The RFP process explained | 8-steps to RFP

Learn 8 simple steps to an RFP process, as well as some time-saving tips! Improve customer satisfaction, service quality, and business value.

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Updated: Jan 31, 2024

The Request for Proposal (RFP) is alive and well, despite the increasing criticism and murmuring in the market. RFPs are under scrutiny because it is seen as a time-consuming effort that ties organizational resources and kills differentiation. 

We'll outline an 8-step process to get you started on RFP!

They are...

1. Identify sourcing potential with spend analysis
2. Scope and specification 
3. RFP preparation 
4. Await the RFP responses 
5. Evaluation and supplier selection
6. Negotiation and contracting  
7. Implementation and handover 
8. Lessons learned

What makes a good RFP?

RFPs are still the method of choice when tendering a product or service. RFP may not be the best-fit approach for evaluating specialized competence and sophisticated solutions– at least without a proof of concept (POC).

The RFP process, when properly managed, is transparent, objective, and fair.

A poorly drafted document causes the candidate stress and uncertainty, resulting in many clarification questions, multiple iterations, and sub-standard submissions.

A well-crafted RFP document defines the quality of the submissions, essential business requirements, and the time it takes to conclude a contract. It aims to improve customer satisfaction, service quality, and business value.


How long do RFPs take?

The end-to-end RFP process usually takes from six weeks to...well, forever. There may be no strategic alignment within the organization on the desired outcomes. Business requirements and priorities may be misunderstood.

The main problems hindering an agile RFP process are often administrative. Many companies are still stuck in the 20th century, using manual drafting processes and email-based RFPs despite the wide availability of sourcing software solutions.

Sending documentation back and forth via email requires patience and precision. The elapsed time depends on the complexity of the project, size (and relevance) of the team, number of potential suppliers, number of RFP rounds, amount of information required, and need for contract negotiation.

Sourcing a new commodity or service for the first time takes longer than a repeat purchase from approved or preferred suppliers because the definition of requirements (together with business stakeholders) takes time.


The RFP process explained in 8 steps

The following steps serve as a checklist and practical guide to completing RFP in about 4-weeks.

As a disclaimer, the purpose of this blog is only to give ideas on how to streamline your RFP process - not to rush you into making a major decision carelessly.


RFP process in four weeksGraph: The 4-week RFP - how to complete an RFP process in 20 business days


1. Identify sourcing potential with spend analysis

Spend analysis can reveal sourcing potential and opportunities for consolidation. A business owner may have requested you to conduct an RFP, or you have identified an opportunity and have buy-in from business stakeholders for the project.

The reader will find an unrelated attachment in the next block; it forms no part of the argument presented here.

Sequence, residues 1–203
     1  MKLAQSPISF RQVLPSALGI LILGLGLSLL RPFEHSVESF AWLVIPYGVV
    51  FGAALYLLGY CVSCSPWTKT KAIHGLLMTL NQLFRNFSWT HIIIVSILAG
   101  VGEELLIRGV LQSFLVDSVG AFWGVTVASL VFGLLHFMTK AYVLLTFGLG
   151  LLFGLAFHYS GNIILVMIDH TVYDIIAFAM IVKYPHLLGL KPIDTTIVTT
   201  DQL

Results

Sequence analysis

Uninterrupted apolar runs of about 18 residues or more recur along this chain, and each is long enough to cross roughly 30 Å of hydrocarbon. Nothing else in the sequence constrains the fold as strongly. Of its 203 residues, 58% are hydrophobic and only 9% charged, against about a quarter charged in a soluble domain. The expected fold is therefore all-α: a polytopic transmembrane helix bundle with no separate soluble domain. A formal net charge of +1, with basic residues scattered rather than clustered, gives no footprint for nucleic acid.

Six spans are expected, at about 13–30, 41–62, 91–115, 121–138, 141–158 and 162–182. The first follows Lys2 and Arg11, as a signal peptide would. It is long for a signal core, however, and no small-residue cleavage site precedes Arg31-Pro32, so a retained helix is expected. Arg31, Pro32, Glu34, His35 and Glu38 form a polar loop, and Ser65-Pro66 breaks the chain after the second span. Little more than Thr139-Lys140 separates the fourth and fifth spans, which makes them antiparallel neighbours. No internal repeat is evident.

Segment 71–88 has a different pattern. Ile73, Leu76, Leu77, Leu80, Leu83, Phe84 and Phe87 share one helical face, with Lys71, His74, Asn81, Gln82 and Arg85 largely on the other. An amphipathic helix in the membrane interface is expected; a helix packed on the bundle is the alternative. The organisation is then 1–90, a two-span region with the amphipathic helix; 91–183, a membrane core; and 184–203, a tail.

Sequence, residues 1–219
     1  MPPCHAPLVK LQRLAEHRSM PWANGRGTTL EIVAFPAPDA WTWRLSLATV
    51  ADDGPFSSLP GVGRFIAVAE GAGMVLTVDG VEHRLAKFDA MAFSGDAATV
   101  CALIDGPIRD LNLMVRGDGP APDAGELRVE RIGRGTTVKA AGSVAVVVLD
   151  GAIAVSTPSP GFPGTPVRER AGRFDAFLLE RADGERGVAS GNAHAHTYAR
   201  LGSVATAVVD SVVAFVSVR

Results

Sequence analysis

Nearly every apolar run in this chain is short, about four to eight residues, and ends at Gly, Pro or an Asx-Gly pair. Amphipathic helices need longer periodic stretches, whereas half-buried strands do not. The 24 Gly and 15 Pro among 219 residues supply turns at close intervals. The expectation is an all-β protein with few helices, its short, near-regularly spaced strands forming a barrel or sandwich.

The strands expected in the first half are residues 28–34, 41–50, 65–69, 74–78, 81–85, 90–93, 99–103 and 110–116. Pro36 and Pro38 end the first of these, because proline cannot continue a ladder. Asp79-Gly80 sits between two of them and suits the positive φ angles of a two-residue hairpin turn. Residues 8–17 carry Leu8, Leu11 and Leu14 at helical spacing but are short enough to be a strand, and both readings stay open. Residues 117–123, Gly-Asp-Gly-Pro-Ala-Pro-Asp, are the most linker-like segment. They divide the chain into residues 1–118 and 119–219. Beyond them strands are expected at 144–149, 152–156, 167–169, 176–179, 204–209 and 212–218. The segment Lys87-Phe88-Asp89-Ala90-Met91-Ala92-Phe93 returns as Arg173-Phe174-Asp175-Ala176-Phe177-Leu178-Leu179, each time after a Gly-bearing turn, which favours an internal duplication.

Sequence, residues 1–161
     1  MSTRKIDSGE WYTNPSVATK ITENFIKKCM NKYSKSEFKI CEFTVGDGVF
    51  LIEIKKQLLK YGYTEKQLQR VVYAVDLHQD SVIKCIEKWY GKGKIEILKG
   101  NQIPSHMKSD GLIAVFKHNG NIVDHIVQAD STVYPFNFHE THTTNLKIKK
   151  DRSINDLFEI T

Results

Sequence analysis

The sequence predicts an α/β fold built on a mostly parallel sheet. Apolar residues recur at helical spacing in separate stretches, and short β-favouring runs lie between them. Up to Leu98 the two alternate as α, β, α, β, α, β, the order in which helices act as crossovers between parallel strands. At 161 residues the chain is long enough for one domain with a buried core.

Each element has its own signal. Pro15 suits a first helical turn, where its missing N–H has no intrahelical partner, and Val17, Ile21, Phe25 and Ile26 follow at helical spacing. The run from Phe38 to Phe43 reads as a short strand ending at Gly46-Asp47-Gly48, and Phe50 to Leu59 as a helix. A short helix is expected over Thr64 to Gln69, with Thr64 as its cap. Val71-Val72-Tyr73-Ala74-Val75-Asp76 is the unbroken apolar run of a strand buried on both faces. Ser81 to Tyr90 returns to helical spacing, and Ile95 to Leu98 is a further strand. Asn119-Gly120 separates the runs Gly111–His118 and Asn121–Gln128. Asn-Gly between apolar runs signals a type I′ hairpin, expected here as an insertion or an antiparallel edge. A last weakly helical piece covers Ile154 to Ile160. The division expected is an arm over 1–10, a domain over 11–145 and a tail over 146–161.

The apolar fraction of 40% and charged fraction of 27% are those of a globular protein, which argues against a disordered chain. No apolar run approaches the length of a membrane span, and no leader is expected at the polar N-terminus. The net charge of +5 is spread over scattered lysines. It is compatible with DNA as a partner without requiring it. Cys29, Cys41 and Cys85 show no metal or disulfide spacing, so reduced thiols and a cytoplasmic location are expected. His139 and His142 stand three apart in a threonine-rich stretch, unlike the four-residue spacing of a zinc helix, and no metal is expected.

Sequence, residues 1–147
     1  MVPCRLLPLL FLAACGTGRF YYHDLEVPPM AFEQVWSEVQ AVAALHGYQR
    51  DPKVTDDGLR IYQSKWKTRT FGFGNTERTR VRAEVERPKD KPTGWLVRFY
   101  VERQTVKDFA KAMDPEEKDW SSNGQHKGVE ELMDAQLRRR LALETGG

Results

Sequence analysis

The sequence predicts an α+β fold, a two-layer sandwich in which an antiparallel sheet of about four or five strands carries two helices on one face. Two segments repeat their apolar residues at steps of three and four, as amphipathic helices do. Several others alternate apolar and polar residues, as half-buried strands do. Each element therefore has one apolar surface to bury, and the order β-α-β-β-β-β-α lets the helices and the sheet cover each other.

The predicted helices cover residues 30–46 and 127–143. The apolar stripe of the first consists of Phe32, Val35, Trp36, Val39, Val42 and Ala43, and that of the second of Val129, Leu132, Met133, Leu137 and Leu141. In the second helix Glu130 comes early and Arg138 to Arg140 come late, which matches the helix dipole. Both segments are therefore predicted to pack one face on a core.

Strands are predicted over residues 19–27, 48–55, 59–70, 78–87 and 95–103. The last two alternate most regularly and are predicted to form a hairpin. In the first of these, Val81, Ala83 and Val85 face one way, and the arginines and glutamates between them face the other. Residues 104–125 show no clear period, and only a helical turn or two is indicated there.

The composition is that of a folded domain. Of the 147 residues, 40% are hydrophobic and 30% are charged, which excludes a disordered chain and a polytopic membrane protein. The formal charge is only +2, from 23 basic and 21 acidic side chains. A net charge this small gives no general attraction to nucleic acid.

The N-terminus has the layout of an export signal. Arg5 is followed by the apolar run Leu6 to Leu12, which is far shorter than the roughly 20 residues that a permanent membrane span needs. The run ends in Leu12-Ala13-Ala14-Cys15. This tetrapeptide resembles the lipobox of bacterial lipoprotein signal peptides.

Either way, before kicking off the RFP, you must have identified a potential return on this resource and time investment.

An experienced category manager gets to know their market domain and does their market research in advance. Ensure market availability for the product/service you had in mind.

One way to scope is to have an intro call with potential suppliers. Your understanding of the offering will increase, and you might find elements you did not consider before. In intro calls, you can give a hint of possible tender coming up so the market can reply to demand as needed.


2. Scope and specification 

Spending time defining the scope before creating an RFP is vital. Organize a kick-off meeting with your internal stakeholders to ensure maximum commitment and alignment. Harness the know-how of your organization in drafting specifications and key business requirements.

Stakeholders, subject matter experts (SMEs), and end-users need to be fully aligned on the desired outcome. Your stakeholders most likely hold valuable market intelligence and information on potential suppliers to involve.

Poor strategic alignment derails many sourcing initiatives. If you are having difficulty defining the scope, go back to the stakeholders and get clarity.

Ensure the availability of your RFP team upfront. Book meeting slots in advance with SMEs and senior management for reviewing the scope, processing the responses, supplier presentations, evaluation, and potential negotiations. The stage can be referred to as front-end-loading.


3. RFP preparation 

The RFP should explain who you are in a cover letter, and why this product or service is important to you. Tell the candidates everything they need to know about your current state and desired outcome. Translate the specifications, key requirements, and user needs into RFP questions and templates.

We have 3 different guides and templates available to get you started on prepping your RFPs! Enjoy.

4. Await the RFP responses 

It is possible to complete the publish-to-receive stage within two weeks. If you are tendering a simple product or service that can be catalog prized, the time given for submitting responses may be shorter. Professional bidders often handle responses to large and high-value RFPs.

The answer will likely be a NO-BID if you give them a too-tight deadline. Level of familiarity with RFP candidates impacts on time required: if your RFP candidates are contracted suppliers or familiar with your company, processes, and requirements, it may be more straightforward for them to submit a response.